• Within the remote antenna array unit 500, antenna elements 151 and 152 may be coupled to implant device interface 510 via a coupling 520 which may comprise a signal splitter 521 junction with equal length wire leads to each of the antenna elements 151 and 152. Implant device interface 510 may be coupled to an antenna interface 530 associated with implant device 100 via wired or wireless connection 532. Implant device data 132 may be communicated between implant device 501, antenna array 150, and/or the antenna elements 151 and 152 thereof, via couplings 520 and 522, interfaces 510 and 530, and signal splitter 521.
  • Embodiments such as illustrated in FIG. 5 allow coupling an implant device 510 at an optimal treatment location, while placing the antenna array unit 500 at an optimal location for wireless transmissions, such as just underneath the skin 180. Couplings 520 and 522 may comprise a signal splitter 521, as illustrated, or may implement individual couplings as illustrated in FIG. 8, allowing the implant device 501 to support signal direction detection and transmission direction control of remote antenna array unit 500, as described above. The signal splitter 521 may for example include a first port and a second port, wherein the first port and the second port are coupled to a respective one of the two or more individual antenna elements 151, 152, and wherein the signal splitter is configured such that electromagnetic waves associated with the first and second ports are in phase with one another.
  • In some embodiments, remote antenna array unit 500 may furthermore comprise an individual power supply and microchip controller (not shown) allowing for signal power modulation, direction detection and direction control by the remote antenna array unit 500. Embodiments including an individual power supply and microchip controller at the array unit also allow the option of wireless communications with implant device 501, for example, implementing a two-hop wireless protocol in which transmission from device 501 are relayed by remote antenna array unit 500 to an external device or to another implant device. Such other implant device may be coupled to remote antenna array unit 500 via a wired or wireless connection, just as with implant device 501.
  • FIG. 5 illustrates example selected positions of antenna elements 151 and 152 and reflector 170. Antenna elements 151 and 152 may for example be disposed at a distance of n[(½)λt], where n comprises the set of positive whole numbers [1, 2, 3, . . . ], and [(½)λt] is one half the wavelength of an electromagnetic wave emitted by an antenna element, adjusted for the dielectric constant of the tissue (as denoted by the letter t). By positioning the antenna elements at a fixed distance of n[(½)λt] apart, the fixed distance may be selected to promote destructive interference of electromagnetic waves emitted by the individual antenna elements in the plane of the tissue layer 181, and constructive interference of the electromagnetic waves in a direction substantially normal to the plane of the tissue layer. Some variations from the one-half wavelength spacing formula given here may also promote destructive interference in the tissue plane, so long as the variation remains generally within a range of ±¼ wavelength, as will be appreciated.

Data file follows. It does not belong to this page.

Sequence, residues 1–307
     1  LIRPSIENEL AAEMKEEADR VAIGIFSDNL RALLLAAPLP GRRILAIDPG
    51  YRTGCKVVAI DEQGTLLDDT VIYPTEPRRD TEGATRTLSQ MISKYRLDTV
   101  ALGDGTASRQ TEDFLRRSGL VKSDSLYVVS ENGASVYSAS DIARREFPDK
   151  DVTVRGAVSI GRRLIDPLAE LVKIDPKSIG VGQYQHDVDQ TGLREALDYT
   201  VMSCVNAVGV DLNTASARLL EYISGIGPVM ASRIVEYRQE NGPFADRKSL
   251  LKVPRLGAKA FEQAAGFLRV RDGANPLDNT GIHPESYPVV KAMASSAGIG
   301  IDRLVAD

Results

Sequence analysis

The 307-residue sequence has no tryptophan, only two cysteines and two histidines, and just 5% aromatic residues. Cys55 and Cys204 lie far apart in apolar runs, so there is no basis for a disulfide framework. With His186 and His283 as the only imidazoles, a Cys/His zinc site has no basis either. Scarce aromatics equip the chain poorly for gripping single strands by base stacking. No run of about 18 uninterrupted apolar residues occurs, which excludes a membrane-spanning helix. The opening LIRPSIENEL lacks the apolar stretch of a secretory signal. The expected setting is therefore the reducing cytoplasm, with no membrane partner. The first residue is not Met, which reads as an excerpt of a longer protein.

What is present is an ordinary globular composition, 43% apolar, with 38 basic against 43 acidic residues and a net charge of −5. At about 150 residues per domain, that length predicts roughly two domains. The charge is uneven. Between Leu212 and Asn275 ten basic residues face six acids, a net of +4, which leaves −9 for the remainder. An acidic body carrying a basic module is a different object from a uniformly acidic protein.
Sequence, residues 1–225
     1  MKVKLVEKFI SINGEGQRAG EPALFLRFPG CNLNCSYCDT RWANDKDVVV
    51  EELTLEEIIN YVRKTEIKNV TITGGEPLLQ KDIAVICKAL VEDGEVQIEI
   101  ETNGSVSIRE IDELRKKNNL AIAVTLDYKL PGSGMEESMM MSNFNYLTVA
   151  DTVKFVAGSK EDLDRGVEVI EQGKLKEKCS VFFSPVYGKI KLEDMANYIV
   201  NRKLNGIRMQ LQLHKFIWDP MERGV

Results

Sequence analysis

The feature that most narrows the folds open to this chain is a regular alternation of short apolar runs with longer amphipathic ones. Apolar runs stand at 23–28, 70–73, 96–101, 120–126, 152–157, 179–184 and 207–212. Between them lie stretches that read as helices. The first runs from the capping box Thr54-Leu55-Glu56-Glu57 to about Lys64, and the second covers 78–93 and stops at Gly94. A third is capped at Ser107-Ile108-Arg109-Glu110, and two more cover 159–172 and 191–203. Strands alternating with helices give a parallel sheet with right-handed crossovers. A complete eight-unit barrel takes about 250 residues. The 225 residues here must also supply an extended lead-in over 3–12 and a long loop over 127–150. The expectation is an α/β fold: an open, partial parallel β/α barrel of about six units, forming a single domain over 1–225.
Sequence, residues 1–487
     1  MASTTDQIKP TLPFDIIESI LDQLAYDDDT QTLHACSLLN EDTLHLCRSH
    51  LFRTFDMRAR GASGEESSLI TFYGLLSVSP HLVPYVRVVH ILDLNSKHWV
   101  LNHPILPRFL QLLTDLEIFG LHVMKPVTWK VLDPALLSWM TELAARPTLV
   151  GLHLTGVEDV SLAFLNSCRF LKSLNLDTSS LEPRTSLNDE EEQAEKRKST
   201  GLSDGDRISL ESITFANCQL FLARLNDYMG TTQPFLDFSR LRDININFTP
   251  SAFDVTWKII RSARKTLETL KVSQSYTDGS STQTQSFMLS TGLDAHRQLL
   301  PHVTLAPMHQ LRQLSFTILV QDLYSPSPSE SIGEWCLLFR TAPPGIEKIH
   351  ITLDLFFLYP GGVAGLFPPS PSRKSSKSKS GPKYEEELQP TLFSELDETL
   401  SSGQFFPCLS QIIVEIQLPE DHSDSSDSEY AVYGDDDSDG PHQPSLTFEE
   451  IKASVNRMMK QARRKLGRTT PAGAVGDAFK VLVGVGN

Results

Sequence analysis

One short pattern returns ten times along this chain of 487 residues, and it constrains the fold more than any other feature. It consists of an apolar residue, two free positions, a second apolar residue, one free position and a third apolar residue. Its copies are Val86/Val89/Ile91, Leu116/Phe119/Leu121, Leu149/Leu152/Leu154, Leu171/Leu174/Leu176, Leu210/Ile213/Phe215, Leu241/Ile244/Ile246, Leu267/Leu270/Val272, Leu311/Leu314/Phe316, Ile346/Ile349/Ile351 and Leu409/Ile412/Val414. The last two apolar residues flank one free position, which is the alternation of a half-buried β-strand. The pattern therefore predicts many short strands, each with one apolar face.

• FIG. 5 illustrates a distance of [(λs/4)+(nλs/2)] between the plane of antenna elements 151 and 152 and the reflector 170, where n comprises the set of positive whole numbers [0, 1, 2, 3, . . . ], and ¼λs is one fourth the wavelength of an electromagnetic wave emitted by an antenna element, adjusted for the dielectric constant of the spacer material (as denoted by the letter s), and nλs/2 is n times one half the wavelength of an electromagnetic wave emitted by an antenna element, adjusted for the dielectric constant of the spacer material (again, as denoted by the letter s). The antenna array 150 and reflector 170 may for example be configured as an image antenna. By positioning the reflector 170 at a fixed reflecting distance of [(λs/4)+(nλs/2)], the reflecting distance is selected to promote constructive interference of reflected electromagnetic waves with the electromagnetic waves emitted by the individual antenna elements in a direction substantially normal to the plane of the tissue layer. This is because the reflector 170 causes a phase inversion, or one-half wavelength (180°) phase shift. A round trip of 2[(λs/4)+(nλs/2)] plus a one-half wavelength phase shift will cause reflected electromagnetic waves to be in-phase with waves emitted substantially normal to the tissue plane 181.
  • In some embodiments comprising a reflector 170, signal modulation may be adjusted to prevent negative interference effects of modulated signals. This adjustment may comprise for example modulating transmitted electromagnetic waves in half wavelength segments, and leaving every other half-wavelength unmodulated. Using this approach, the unmodulated reflected wave may boost signal power of the modulated unreflected wave, without negatively interfering with modulated wave aspects. Transmission time doubles using this approach, however transmission power also doubles. The transmission time vs. transmission power tradeoff may be worthwhile in some embodiments, in particular where thick layers of tissue dispose a lossy medium transmission barrier between the antenna array and external device.